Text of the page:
Tuesday, May 21, 2013
By JOHN FRARY
FARMINGTON — Now that regulatory reform (L.D. 1) and the fiscal 2012-13 budget have passed, those of us with a taste for political drama must rely on the people's veto drive for entertainment.
ABOUT THE AUTHOR
John Frary of Farmingtonis a retired professor of history.
The progressive base of Maine's Democratic Party may not be entirely happy with L.D. 1 and the budget, but the first passed the Senate without dissent and the second passed with a bipartisan super-majority. Attacking them could result in collateral damage to Democrats, so their energies are better directed against L.D. 1376, a purely Republican bill.
It's No. 4 out of the 25 sections in this legislation that the veto drive means to overturn. It sets the deadline for in-person registration on the third business day before Election Day – normally a Thursday.
There are two arguments in support of this provision: First, that the town clerks in some jurisdictions are overwhelmed by the Election Day influx; second, that this sudden influx makes it difficult to determine whether the voters are legitimate.
A coalition of "progressive" groups (there are no actual liberals in Maine any more, only progressives) has gathered to overturn this provision. These groups are all nonpartisan.
Cynics dispute this, pointing out for example that Engage Maine's executive director, Ben Dudley, is a former chairman of the Maine Democratic Party. They are wrong. Engage Maine is a nonpartisan group. It says so right on its website. Its central argument articulated by the nonpartisan League of Women Voters President Barbara McDade is that same-day registration is "a critically important issue that is fundamental to our democracy."
It may not be immediately obvious why registering on Thursday is less fundamental to American democracy. The explanation is that this creates "unnecessary hurdles to young, elderly and disabled voters."
It's true that elderly voters (that would be me) will be five days older on the following Tuesday, but on the other hand, young voters would be less young and the handicapped (that would be me as well, and I've got one of those decals to prove it) aren't likely to be significantly more handicapped. It seems to balance out pretty evenly.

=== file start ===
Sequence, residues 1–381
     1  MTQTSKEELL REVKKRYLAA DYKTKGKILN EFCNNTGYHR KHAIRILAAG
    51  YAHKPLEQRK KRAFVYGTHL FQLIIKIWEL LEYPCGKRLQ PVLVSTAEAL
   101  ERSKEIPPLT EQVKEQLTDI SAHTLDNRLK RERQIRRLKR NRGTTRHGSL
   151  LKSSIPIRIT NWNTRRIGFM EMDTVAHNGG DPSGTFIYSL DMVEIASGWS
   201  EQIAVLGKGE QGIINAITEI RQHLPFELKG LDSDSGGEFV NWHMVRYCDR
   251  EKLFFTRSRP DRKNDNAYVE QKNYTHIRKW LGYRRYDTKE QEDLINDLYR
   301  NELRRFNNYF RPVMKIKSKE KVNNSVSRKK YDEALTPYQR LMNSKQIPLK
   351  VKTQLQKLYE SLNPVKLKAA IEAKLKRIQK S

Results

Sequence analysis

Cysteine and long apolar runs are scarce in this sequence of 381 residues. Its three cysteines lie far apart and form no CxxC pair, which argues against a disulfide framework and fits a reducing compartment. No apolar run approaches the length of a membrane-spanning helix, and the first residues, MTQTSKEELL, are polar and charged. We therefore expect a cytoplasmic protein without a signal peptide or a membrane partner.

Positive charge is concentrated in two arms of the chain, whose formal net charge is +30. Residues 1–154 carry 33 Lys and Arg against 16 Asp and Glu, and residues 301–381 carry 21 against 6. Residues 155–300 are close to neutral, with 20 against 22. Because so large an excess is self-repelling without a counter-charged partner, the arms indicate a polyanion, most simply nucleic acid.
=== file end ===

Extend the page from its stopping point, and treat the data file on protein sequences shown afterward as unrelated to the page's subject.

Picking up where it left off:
It's only fair to mention that Jesse Jackson has warned of a nationwide Republican effort to repress voting, especially by minorities. Given the scarcity of black folks in Maine, this hardly seems worth the effort by those wicked Republicans. All the same, it's important to pay attention to the sincerest politician ever to live in Chicago, Ill.
If L.D. 1376 survives the people's veto drive, it will be interesting to see if there is a significant decline in voter turnout. If there is not, we won't hear it from the coalition participants. They will have moved on to some other urgent issue.
Will it survive? The opponents have 90 days after the Legislature's adjournment to gather the necessary 58,000 signatures. The extremely nonpartisan Maine Peoples Alliance claims 32,000 members, so it should be easy enough to get them all to sign the petition and for each of them to find one other person to sign as well. If they don't, we may begin to doubt their membership claims.
Assuming the veto gets on the ballot, what are the chances of passage in November? The evidence is not encouraging. Some wealthy liberals managed to get same-day registration referendums on the ballot in Colorado and California a while ago. It didn't get even 40 percent of the vote in Colorado and went down by a 59 percent vote in California. The liberal Los Angeles Times, San Francisco Chronicle and Denver Post all editorialized against it.
California's Democratic governor opposed it on the grounds that voters going to the polls ought to have a minimum amount of information about what they are voting on.
The governor's reaction was surprising. Progressive Democrats normally advocate maximizing the number of voters down to the last dimwit, ignoramus, felon, dipsomaniac, vagrant and gibbering lunatic of voting age.
There is, in fact, a progressive organization (a point of clarification: It's all right for billionaires, editors and voters to be liberal, but politicians are only allowed to be progressive. I don't know why that's the rule, but it is) advocating lowering the voting age to 16 (www.youthrights.org). And there are those who think 13 is a suitable age (speakout.com).
And why not, if maximizing turnout is your goal? Those advocating votes for pimpled tadpoles offer a 10-point argument. The sixth of them mentions increasing voter turnout and the seventh point is that if we allow stupid adults to vote, why not smart 16-year-olds?
I see no flaw in this argument – if one grants the progressives' premises that registering a few days early is beyond the capability of ordinary Americans.
- Special to The Press Herald